Southpaw (2015)

15 Aug

Billy Hope (Jake Gyllenhaal) is the World Light Heavyweight Boxing Champion, enjoying a life of celebrity and wealth with his beautiful wife Maureen (Rachel McAdams) and daughter Leila (Oona Laurence). Billy’s life soon spirals out of control however, soon after losing his wife in a bizarre act of violence spurred on by a competing boxer.  The stakes are raised when Billy’s child is taken into custody by Child Protection Services, and it’s up to Billy to piece his life back together if he wants his daughter (yawn) back.

Southpaw is a gritty boxing film that tries to examine the lengths a father is willing to go to win back his daughter’s love; it sort of works. Starring alongside Racheal McAdams, Forest Whitaker, 50 Cent, and Naomie Harris, is Jake Gyllenhaal – a lumbering towering figure of muscle and pure rage. As always, Gyllenhaal makes for a captivating screen presence. With him, Southpaw makes for a watchable but barely enjoyable film; without him, the haphazard storytelling, and trite emotional punches bring the film to the ground faster than a KO’d novice boxer.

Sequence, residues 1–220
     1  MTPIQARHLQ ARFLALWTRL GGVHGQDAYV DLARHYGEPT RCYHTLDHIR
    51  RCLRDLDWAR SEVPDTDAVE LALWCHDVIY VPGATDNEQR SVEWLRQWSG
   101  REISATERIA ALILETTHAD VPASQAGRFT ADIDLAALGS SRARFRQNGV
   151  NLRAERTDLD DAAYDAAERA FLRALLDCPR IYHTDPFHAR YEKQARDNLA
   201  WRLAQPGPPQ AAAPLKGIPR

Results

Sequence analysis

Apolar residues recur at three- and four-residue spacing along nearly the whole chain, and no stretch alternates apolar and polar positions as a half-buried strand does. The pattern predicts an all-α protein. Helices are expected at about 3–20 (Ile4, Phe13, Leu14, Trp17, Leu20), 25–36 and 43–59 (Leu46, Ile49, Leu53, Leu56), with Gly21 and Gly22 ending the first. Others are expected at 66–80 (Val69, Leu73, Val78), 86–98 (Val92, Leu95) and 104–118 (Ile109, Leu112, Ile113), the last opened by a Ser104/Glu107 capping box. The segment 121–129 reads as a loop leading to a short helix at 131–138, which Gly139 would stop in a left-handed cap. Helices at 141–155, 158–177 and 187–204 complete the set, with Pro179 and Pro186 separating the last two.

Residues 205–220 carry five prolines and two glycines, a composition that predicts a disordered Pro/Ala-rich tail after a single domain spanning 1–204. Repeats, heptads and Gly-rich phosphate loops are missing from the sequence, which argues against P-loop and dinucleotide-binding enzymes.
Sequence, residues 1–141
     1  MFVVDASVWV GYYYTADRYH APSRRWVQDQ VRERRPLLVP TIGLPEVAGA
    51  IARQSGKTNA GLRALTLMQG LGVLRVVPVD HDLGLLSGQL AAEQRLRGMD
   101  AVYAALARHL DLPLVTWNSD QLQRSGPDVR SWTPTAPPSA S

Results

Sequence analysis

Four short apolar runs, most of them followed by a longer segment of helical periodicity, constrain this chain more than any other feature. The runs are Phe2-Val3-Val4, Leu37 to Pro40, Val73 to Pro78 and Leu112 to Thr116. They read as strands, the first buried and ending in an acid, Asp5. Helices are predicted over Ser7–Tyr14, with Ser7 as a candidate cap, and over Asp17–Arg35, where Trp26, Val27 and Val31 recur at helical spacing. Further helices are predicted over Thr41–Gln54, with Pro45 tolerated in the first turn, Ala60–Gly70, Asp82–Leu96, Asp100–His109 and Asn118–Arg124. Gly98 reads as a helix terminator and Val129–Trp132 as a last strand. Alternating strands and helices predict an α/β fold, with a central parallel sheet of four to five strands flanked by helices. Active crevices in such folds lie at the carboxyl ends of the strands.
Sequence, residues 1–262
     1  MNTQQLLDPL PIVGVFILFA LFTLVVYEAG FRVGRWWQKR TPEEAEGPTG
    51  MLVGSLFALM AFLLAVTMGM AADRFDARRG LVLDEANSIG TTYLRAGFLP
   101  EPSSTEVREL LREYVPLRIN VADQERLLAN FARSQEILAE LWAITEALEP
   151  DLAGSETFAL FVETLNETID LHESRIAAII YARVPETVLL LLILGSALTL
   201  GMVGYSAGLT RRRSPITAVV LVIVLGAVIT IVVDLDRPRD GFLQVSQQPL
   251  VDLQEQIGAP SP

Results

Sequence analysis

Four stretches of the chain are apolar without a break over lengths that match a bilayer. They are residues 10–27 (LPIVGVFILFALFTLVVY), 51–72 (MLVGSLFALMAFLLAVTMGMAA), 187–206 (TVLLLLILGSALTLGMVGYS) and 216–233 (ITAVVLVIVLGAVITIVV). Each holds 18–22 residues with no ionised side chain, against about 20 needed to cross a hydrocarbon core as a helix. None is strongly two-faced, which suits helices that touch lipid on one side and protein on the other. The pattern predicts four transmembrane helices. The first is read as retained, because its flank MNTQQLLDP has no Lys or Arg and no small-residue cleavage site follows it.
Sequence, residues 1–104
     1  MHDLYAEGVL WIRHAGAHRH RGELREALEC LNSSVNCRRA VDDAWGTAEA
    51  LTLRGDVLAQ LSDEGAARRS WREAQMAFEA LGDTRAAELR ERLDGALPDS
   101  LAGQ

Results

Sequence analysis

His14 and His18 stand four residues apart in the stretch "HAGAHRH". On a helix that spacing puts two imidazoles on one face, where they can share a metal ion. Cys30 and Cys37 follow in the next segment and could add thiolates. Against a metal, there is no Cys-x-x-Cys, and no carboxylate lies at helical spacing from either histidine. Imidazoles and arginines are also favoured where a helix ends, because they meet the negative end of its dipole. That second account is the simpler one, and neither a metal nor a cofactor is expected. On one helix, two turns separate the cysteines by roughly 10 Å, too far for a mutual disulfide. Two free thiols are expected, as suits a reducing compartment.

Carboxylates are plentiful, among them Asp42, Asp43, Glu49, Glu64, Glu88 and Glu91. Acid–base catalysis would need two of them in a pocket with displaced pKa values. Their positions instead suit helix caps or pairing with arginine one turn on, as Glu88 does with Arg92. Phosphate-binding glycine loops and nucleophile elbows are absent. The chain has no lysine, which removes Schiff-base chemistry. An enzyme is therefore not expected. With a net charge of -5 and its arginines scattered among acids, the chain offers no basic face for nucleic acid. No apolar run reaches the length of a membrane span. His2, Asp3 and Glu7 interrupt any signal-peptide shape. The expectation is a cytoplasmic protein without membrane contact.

For such a cookie-cutter role, Gyllenhaal really does give a solid performance. It’s obvious he has completely sucked himself into the role, and everything from his cautious mannerisms to his accent-ridden, quavering voice bring sincerity to even the sappiest bits of dialogue. Unfortunately, there is too much sentimentality here to go around, and Southpaw dissolves into an enjoyable piece of melodrama at its best, and a formulaic lifetime-movie at it’s worst. Director Antoine Fuqua (Training Day, The Equalizer) is no stranger to violence or melodrama, but he seems to have outdone himself here. Thanks to lots of quick edits and dramatized chiaroscuro lighting, most of the action feels more like an uninspired music video than an effective way of advancing the plot.

Bottom Line:  While Gyllenhaal is surely worth watching, the majority of Southpaw spends too much effort building up an emotionally over-exhausted story. 

Rating: 5/10 

Film Recipe: Glory Road (2006) – Basketball + Rocky (1976) + “Believing in yourself”

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